From Budapest to Brisbane, Football Queensland State Technical Director Gabor Ganczer personifies the kinship and opportunity that football provides for new migrants to Australia.
The story of how Ganczer arrived in this country – and the way in which he worked his way into his current position – is a testament to the game’s global reach and its power to change lives.
Twenty-one years ago, as Australia was preparing for the 2000 Sydney Olympics, Ganczer was working as a journalist covering football and canoe sprint for the famous Hungarian sports daily, Nemzeti Sport.
As he was finalising the athlete biographies for the Hungarian team, an email popped up in his inbox from Andrew Dettre, a Hungarian-born former journalist based in Sydney.
Dettre explained that his son, Steve, was running the Olympic News Service and desperately needed a reporter to cover the Olympic canoe events. They hoped that Ganczer would take the job.
“It was a great opportunity for me,” recalls Ganczer.
After arrangements were made, he was on a plane destined for Australia, excited by the opportunity but unsure what to expect from his hosts.
The first stop they made after Ganczer arrived at Sydney Airport was to St George Stadium, home of St George Budapest. He soon learned that the Hungarian community, like many other migrant communities in Australia, were football-mad.
“Within ten minutes of landing I was standing in front of the ruins of the old St George Stadium,” he says. “I heard all the stories about Johnny Warren and the role St George Budapest had played in Australian football.”
During the 1960s and 70s, St George were one of Australia’s most progressive clubs. They provided the nucleus of the Socceroos’ 1974 World Cup side and played a pivotal role in the formation of the National Soccer League in 1977.
Andrew Dettre, who migrated to Australia from Hungary in 1949, had been involved with St George since its establishment as “Budapest” in the 1950s.
He was also a retired journalist and editor of Soccer World, an influential football newspaper that was published weekly from 1958 to 1982.
Over the years, Dettre brought countless overseas players and coaches to Australia. In the 1960s, he played a pivotal role in bringing Frank Arok, one of the Socceroos’ best-loved coaches, over from Yugoslavia.
Little did Dettre know that Ganczer would be his latest recruit.
At the Sydney Olympics, the Hungarian team topped the medal count for canoeing and Ganczer immediately fell in love with Australia.
“I felt the connection straight away,” explains Ganczer. “The famous journalist, Andrew Dettre, and his family are the main reason I ended up in Australia. I was always curious about the country, but they were the link for me to come here.”
After returning to Hungary, Ganczer spent time as a press officer for the Hungarian national team. The coach at the time was German great Lothar Matthaeus, who brought Ganczer on as a match analyst and inspired him to begin his own coach education.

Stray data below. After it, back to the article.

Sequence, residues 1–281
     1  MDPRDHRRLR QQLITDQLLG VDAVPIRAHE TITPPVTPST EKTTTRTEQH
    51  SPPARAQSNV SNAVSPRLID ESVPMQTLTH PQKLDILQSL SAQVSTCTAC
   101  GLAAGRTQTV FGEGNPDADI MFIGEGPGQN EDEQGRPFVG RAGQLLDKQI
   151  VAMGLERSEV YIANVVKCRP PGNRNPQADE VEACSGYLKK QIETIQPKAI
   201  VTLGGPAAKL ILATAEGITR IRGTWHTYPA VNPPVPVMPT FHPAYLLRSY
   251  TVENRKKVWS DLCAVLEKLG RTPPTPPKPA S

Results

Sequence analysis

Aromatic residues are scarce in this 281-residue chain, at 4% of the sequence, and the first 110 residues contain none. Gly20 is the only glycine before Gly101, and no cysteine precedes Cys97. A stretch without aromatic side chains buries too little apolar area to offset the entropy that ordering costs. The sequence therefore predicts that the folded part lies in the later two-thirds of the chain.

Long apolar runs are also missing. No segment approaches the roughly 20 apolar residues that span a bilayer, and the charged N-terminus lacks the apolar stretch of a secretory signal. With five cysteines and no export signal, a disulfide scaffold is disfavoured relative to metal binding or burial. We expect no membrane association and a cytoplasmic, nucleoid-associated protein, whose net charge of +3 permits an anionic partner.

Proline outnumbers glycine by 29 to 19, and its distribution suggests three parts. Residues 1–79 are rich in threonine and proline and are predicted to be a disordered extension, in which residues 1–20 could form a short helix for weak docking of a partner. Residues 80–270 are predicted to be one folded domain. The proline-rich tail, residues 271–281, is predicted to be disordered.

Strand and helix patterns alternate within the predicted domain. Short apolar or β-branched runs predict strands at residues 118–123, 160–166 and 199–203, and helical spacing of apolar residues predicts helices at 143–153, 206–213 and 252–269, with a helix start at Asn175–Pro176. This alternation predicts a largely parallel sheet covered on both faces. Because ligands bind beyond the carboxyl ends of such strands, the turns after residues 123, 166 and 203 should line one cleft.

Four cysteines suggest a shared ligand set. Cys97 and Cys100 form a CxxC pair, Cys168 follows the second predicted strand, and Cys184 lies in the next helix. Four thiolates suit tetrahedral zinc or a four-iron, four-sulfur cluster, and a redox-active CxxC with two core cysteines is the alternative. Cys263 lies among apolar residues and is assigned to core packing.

“Lothar re-ignited my passion to get closer to football, so I started to do my B and A Licences,” says Ganczer.
“When I became an A Licence coach, I was actively seeking opportunities to potentially work overseas. Australia was always the main destination where I wanted to go.”
In 2009, Ganczer spotted an advertisement for a coaching position at Coolum Dolphins in Queensland. He sent an application, and before long was juggling several coaching jobs on the Sunshine Coast.
Football helped him with the resettlement process, literally and figuratively.
“They turned every stone and, surprisingly, came up with a solution to organise a permanent residency visa for me,” says Ganczer. “By April 2010, I came over with my family.”
Ganczer has been here ever since, rising from a community football coach to State Technical Director of Football Queensland.
Along the way, he has completed his AFC Pro Licence course and worked at Olympic FC and Western Pride in the NPL Queensland. He has also worked as an analyst for the Socceroos under Ange Postecoglou.
“I’ve been a dual citizen for the past six years, so I am Australian by choice,” says Ganczer.
“I would like to think this is home for my family: my second child was born here, and we have no intent to go back to our original home.
“I did have the pleasure to work with both national teams, and probably this is the greatest pride you can have if you are working in football.”
The Hungarians are one of the smaller ethnic communities in Australian football, but they were incredibly influential.
Two of Australia’s finest football journalists – Andrew Dettre and Les Murray – were both born in Hungary.
Attila Abonyi, one of the Socceroos top goal scorers, came to Australia from Hungary as a young child.
Frank Arok, who coached the Socceroos from 1983 to 1989, was born in the former Yugoslavia but had Hungarian heritage.
Here in Queensland, Peter Tokesi – who won the 1978 Phillips Cup as a player for Brisbane City, and the 1977 NSL grand final with Brisbane Strikers as an assistant coach – is also of Hungarian descent.
Ganczer, 46, is carrying on that proud Danubian tradition, while acknowledging the numerous other cultures that make up Australian football in the 21st century.
“It gives me great pride and pleasure to know that Hungarians have contributed to the game here,” says Ganczer.
“The diverse nature of the society here is one of the appealing things, rather than the set mindset of a homogeneous European society.
“I am a firm believer that football is part of culture, not only physical literacy. That’s why Football Queensland operates the Q-League, which helps new migrants find a sense of community and make the transition to club football.
“I still consider Australian football culture to be evolving, but I am really glad to have felt part of it over the past 12 years.”